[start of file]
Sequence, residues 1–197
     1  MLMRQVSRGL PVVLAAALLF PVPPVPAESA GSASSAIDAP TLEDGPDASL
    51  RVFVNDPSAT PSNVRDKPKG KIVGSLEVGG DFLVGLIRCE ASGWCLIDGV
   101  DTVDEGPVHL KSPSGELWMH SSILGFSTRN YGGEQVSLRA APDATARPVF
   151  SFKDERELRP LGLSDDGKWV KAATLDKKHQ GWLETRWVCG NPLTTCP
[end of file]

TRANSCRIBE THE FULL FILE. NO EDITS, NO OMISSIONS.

Sequence, residues 1–197
     1  MLMRQVSRGL PVVLAAALLF PVPPVPAESA GSASSAIDAP TLEDGPDASL
    51  RVFVNDPSAT PSNVRDKPKG KIVGSLEVGG DFLVGLIRCE ASGWCLIDGV
   101  DTVDEGPVHL KSPSGELWMH SSILGFSTRN YGGEQVSLRA APDATARPVF
   151  SFKDERELRP LGLSDDGKWV KAATLDKKHQ GWLETRWVCG NPLTTCP